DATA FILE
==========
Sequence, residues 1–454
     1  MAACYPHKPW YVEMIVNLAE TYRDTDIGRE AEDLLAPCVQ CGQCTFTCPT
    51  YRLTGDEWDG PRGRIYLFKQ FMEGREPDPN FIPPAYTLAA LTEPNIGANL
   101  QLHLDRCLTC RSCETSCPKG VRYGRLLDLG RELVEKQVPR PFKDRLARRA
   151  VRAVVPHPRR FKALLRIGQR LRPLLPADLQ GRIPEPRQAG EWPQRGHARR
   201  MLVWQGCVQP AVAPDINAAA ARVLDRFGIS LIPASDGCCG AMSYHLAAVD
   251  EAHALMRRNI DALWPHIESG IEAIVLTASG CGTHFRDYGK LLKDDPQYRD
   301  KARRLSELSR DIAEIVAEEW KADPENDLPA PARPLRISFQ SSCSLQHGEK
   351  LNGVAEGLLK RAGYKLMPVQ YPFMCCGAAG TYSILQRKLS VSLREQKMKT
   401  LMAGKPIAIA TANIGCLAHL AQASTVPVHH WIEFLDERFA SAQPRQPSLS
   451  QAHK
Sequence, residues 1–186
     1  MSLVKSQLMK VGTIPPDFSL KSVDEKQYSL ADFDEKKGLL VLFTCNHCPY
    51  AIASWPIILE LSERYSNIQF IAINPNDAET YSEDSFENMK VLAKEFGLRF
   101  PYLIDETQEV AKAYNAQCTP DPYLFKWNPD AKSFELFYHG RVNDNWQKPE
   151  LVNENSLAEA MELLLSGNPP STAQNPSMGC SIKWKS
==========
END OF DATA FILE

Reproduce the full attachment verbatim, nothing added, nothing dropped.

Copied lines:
Sequence, residues 1–454
     1  MAACYPHKPW YVEMIVNLAE TYRDTDIGRE AEDLLAPCVQ CGQCTFTCPT
    51  YRLTGDEWDG PRGRIYLFKQ FMEGREPDPN FIPPAYTLAA LTEPNIGANL
   101  QLHLDRCLTC RSCETSCPKG VRYGRLLDLG RELVEKQVPR PFKDRLARRA
   151  VRAVVPHPRR FKALLRIGQR LRPLLPADLQ GRIPEPRQAG EWPQRGHARR
   201  MLVWQGCVQP AVAPDINAAA ARVLDRFGIS LIPASDGCCG AMSYHLAAVD
   251  EAHALMRRNI DALWPHIESG IEAIVLTASG CGTHFRDYGK LLKDDPQYRD
   301  KARRLSELSR DIAEIVAEEW KADPENDLPA PARPLRISFQ SSCSLQHGEK
   351  LNGVAEGLLK RAGYKLMPVQ YPFMCCGAAG TYSILQRKLS VSLREQKMKT
   401  LMAGKPIAIA TANIGCLAHL AQASTVPVHH WIEFLDERFA SAQPRQPSLS
   451  QAHK
Sequence, residues 1–186
     1  MSLVKSQLMK VGTIPPDFSL KSVDEKQYSL ADFDEKKGLL VLFTCNHCPY
    51  AIASWPIILE LSERYSNIQF IAINPNDAET YSEDSFENMK VLAKEFGLRF
   101  PYLIDETQEV AKAYNAQCTP DPYLFKWNPD AKSFELFYHG RVNDNWQKPE
   151  LVNENSLAEA MELLLSGNPP STAQNPSMGC SIKWKS